Super Mario no longer needs your help to save the princess now that scientists have developed an AI that can learn to play the game on its own. Researchers from the University of Tübingen computer science department have submitted their entry for the AAAI Video Competition 2015 People’s Choice Award showcasing their efforts to create an intelligent Mario who eats coins when he’s hungry, explores when he’s bored, and learns the rules of his world as he goes along.
How Mario learns to jump on Goombas
To accomplish all that, Mario keeps track of his surroundings and develops rules based on his experiences interacting with the rest of the game. The video shows him (the Super Mario 3D version specifically) saying at one point that he doesn’t know anything about Goombas, little mushroom monsters, and then jumping on the next one he sees to kill it, concluding that Goombas ‘maybe die’ when he jumps on them (translating Mario’s knowledge base into natural language is another part of the research). Repeated experiments reinforce the rule until Mario decides that a Goomba will ‘certainly die’ if he jumps on it.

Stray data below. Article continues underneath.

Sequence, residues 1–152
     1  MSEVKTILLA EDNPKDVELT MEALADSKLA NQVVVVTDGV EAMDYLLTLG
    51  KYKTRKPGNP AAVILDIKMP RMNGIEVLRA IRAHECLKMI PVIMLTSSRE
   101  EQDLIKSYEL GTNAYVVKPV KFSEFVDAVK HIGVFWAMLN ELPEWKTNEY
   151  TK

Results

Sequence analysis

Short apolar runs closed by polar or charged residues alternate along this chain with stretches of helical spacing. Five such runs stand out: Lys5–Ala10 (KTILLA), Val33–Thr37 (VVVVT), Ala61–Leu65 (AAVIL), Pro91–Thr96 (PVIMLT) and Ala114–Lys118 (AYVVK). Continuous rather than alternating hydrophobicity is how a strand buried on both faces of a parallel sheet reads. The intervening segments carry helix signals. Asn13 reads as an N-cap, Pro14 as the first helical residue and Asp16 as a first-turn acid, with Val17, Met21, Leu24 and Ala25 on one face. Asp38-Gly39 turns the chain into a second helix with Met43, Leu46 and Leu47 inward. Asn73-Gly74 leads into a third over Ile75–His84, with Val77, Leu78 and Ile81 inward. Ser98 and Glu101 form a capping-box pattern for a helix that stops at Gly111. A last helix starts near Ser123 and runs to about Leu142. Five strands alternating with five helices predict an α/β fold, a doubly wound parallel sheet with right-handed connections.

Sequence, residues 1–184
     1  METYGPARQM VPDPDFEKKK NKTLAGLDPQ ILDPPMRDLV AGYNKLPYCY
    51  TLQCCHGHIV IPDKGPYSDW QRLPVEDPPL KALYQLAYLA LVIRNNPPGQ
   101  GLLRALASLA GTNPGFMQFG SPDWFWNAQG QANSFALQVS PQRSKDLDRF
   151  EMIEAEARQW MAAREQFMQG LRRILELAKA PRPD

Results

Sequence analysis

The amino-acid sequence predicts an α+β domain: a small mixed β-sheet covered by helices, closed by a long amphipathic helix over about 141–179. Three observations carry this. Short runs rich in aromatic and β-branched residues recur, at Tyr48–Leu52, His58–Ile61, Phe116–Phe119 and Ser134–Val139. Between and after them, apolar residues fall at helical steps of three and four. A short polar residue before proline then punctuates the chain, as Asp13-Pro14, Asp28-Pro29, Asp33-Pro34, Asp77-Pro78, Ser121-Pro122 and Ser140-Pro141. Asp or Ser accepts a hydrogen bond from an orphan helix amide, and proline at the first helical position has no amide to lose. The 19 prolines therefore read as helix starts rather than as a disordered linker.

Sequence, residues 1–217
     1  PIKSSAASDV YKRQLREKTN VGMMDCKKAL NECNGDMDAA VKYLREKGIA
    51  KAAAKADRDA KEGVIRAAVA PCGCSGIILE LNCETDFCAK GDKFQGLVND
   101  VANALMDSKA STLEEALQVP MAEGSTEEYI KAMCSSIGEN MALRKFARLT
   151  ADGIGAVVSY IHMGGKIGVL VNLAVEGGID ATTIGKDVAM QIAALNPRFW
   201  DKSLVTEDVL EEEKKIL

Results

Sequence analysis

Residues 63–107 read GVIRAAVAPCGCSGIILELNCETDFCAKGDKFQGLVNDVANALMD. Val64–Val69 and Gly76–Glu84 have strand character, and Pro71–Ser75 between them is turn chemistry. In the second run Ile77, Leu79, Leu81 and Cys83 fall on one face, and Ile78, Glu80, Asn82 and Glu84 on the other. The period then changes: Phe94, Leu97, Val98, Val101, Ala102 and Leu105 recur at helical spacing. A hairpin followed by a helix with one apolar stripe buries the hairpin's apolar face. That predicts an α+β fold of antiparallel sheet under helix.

The same experimentation lets him figure out how other game elements work, and the researchers can tweak how happy and how hungry he is to motivate him to explore more. They can also give him direct instructions like ‘look for an enemy’ which the AI is capable of understanding and acting on. For those who are interested in the nitty gritty, the team’s video has more details on the specific algorithms being used to produce natural language, store information, check rules and all the rest.
Mario AI isn’t playing to win
One interesting distinction between this AI and other video game AIs that we’ve seen before, like the ones developed by Deepmind that have Elon Musk so concerned, is that it doesn’t appear to be that interested in ‘winning’ the game. The Deepmind algorithm that was showcased last year was also able to determine the rules of the game on its own (using only visual input in its case) and then used that knowledge to exploit weaknesses in the game and rack up high scores. The University of Tübingen AI has its own built-in motivations, what the researchers refer to as hunger and happiness, a model that could be more generally applicable when AI research eventually moves beyond situations with clearly definable external goals.